Even when the country allowed dining in again in June 2020, the number of customers per table was capped at five.

“When you restrict to five, in our case, our seating capacity is reduced to 60%.”

“It was harder for me because this had been my life for 20-plus years.”

It was only when Phase 3 kicked in and eight were allowed to dine together that some measure of normalcy was restored to The Rice Table.

So, when community infections rose again this year and the Government announced another round of “no dine-ins”, the couple decided not to continue with the hardship and heartache of keeping the business going.

“Our chef is also advancing in years. He is 67. If we renewed our lease, he would have to work another two years. Then, he would be 69.”

“We figured we had done this long enough. We had achieved what we wanted to achieve.”

Sih admitted that his wife was more certain about giving up the business than he.

“She was very clear from the time they announced (Heightened Alert) that there would be no more dine-ins in May. She knew this was it.

“For me, it took a bit longer. It was harder for me because this had been my life for 20-plus years.”

Still blessing others

In the few weeks that have followed the closure, Sih has been putting his skills in the kitchen to another use. He volunteers at soup kitchen Willing Hearts which daily distributes 9,500 meals to 40 locations island wide.

“Cleaning and cutting, not cooking.”

Kevin Sih is a seasoned restaurateur, having owned a restaurant in The Netherlands where he grew up, before moving to Singapore and opening The Rice Table. Photo courtesy of Kevin Sih.

Friends with Willing Hearts founder Tony Tay’s son, Sih decided that The Rice Table’s closing should be a blessing to someone else.

“When we closed, we had a lot of food stuff left over. I called them and said, ‘Maybe you can use it.’

Sih decided that The Rice Table’s closing should be a blessing to someone else.

“They asked, ‘What are you doing with your tables and chairs?’ We gave those to them as well. They took all our crockery and cutlery, too.”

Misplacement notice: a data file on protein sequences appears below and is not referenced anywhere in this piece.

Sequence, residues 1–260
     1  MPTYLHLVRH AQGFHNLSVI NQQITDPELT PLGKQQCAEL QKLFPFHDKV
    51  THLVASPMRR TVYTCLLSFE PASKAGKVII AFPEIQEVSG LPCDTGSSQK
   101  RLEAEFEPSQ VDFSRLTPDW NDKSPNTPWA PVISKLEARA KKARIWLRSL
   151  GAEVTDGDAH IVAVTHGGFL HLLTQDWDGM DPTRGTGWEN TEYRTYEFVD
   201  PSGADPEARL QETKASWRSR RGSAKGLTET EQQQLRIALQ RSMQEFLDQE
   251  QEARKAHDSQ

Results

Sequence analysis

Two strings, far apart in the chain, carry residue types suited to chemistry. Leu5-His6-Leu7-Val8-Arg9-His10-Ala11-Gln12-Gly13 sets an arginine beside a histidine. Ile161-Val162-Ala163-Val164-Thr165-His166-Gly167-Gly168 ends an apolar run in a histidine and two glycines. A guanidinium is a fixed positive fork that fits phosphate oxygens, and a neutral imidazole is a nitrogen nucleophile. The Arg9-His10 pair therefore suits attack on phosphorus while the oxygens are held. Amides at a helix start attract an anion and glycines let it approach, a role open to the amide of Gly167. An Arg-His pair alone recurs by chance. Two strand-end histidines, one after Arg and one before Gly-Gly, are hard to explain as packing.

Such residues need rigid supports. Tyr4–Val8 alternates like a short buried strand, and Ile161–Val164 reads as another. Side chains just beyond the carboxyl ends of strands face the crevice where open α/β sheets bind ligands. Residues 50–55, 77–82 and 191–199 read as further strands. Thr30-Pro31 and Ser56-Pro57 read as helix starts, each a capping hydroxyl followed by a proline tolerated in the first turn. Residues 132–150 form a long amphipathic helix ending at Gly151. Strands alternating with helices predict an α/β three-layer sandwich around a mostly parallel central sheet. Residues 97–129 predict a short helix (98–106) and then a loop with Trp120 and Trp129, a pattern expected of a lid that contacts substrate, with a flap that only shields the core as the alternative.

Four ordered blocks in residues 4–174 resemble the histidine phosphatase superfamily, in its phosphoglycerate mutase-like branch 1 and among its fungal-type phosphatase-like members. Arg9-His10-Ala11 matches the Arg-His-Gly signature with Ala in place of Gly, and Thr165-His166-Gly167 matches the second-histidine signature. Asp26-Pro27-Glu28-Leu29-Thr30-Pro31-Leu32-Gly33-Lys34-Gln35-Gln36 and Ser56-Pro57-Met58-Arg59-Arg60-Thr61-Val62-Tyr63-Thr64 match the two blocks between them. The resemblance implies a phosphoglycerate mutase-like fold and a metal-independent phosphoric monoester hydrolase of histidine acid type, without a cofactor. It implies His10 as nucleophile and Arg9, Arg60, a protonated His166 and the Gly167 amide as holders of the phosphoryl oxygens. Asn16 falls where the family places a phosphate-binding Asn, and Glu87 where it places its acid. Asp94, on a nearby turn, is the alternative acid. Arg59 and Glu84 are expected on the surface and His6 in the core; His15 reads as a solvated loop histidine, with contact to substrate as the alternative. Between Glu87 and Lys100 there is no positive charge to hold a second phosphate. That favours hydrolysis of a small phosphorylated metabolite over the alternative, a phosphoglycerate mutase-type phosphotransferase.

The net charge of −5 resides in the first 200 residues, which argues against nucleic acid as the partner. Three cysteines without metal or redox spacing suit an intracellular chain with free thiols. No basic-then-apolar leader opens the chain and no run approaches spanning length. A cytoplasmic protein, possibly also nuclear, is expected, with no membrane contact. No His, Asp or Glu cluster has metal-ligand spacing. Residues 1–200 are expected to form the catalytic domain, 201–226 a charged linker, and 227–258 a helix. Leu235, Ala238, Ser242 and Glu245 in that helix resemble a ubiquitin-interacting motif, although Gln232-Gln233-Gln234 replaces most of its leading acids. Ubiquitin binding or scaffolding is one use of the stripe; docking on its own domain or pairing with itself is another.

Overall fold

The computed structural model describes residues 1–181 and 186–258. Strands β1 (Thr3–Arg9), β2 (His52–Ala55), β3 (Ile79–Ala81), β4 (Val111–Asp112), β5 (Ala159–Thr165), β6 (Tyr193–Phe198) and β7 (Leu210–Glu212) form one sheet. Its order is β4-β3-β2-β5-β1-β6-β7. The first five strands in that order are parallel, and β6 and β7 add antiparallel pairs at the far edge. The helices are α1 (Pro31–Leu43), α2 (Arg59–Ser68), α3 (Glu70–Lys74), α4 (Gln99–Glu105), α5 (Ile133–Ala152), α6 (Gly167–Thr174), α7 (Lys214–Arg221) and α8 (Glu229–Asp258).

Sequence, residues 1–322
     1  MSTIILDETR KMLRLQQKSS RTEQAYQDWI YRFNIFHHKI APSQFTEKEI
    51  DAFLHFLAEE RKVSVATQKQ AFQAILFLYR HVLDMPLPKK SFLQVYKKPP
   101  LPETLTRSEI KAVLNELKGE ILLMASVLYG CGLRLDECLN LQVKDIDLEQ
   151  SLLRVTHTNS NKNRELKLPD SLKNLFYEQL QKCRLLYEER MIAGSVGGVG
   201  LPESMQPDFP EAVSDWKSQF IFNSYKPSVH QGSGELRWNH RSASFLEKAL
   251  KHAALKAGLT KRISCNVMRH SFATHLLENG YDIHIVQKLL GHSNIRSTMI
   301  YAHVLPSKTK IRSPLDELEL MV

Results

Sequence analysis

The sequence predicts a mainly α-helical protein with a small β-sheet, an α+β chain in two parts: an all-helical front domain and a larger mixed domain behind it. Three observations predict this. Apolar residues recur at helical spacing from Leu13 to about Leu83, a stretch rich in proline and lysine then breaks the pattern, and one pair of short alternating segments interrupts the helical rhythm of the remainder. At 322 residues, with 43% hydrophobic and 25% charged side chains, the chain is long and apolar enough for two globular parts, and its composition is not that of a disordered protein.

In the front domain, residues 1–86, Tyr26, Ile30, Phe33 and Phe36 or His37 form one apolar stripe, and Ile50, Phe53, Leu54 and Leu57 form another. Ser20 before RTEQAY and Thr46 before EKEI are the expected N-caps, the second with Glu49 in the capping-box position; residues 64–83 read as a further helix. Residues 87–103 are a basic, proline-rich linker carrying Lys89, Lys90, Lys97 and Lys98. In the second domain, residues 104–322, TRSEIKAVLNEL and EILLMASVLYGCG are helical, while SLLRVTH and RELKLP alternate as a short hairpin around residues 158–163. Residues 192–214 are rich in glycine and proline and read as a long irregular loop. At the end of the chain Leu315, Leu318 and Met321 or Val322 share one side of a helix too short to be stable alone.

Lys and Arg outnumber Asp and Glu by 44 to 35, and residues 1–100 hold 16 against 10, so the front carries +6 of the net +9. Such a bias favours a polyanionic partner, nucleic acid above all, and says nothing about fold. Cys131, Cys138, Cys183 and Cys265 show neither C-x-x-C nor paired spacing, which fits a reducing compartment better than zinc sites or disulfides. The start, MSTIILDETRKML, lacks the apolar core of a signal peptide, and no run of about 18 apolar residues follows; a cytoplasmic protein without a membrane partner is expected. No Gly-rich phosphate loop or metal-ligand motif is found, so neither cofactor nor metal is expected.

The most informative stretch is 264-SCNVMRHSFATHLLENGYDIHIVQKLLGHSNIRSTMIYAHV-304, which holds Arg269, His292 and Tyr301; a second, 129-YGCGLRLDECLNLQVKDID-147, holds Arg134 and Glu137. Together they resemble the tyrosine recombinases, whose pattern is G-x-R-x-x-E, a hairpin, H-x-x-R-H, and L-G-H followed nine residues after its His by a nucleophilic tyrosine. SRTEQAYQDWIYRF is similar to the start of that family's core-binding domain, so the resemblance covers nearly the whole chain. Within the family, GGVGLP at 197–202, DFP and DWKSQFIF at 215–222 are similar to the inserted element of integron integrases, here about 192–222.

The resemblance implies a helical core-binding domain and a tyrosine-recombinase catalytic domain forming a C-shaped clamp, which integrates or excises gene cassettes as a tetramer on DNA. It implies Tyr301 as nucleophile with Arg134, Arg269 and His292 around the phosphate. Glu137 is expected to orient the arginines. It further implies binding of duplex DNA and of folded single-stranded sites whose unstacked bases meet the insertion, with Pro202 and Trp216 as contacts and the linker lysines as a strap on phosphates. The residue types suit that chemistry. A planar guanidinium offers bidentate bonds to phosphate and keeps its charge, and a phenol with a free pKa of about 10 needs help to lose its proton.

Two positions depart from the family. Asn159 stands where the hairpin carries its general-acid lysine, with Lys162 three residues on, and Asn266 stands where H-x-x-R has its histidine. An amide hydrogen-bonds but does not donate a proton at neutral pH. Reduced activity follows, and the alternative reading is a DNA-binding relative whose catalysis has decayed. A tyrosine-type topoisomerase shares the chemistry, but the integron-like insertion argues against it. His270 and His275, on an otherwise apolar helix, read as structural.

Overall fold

The Sihs are exploring other volunteer work. “We specifically said we wouldn’t do something commercial anymore.”  

Volunteer work aside, Sih is enjoying his hobby – model car building – and devoting more time to his parents who are in their 80s.

“I do miss working and keeping busy, interacting with my staff and customers. It would have been nice to have gone on for another two years. We would have been 25.

“But at least we closed it on our own terms.”

Glorifying God in the what-next

In contemplating what to do next, Sih decided to go for a personal retreat to seek God in the matter. It was not just about giving up the only career he had ever known. It was also about moving into the unknown.

The Rice Table had served up delicious Indonesian rijstaffel style to its loyal following since it opened on October 13, 1997. Photo from The Rice Table Facebook page.

“What would happen when we closed The Rice Table? What would we do? What can we do with our lives to glorify God?”

During the retreat, he reflected on the calling of Peter and the other disciples (Luke 5:1-11).

“The only way is to close the restaurant and follow Jesus, see what He wants me to do next.”

“In the Gospel narrative, the fishermen had come back without catching a thing. Then, Jesus told them to cast their nets and they caught more than they had ever done before. And then, they realised that He is the Messiah and they followed Him.

“I was thinking: These guys were fisherman. Why didn’t they ask Jesus to stay with them so they could catch a lot of fish instead?

“I was contemplating. If Jesus came to the restaurant, He might ask, ‘If your restaurant is full every day, are you going to be happy?’

“I thought about it. All the work itself is nice but running your own business also has problems. Maybe I want to be free of these problems and the only way is to close the restaurant and follow Jesus, see what He wants me to do next.

“These things are the hand of God.”


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About the author

Christine Leow

Christine believes there is always a story waiting to be told, which led to a career in MediaCorp News. Her idea of a perfect day involves a big mug of tea, a bigger muffin and a good book.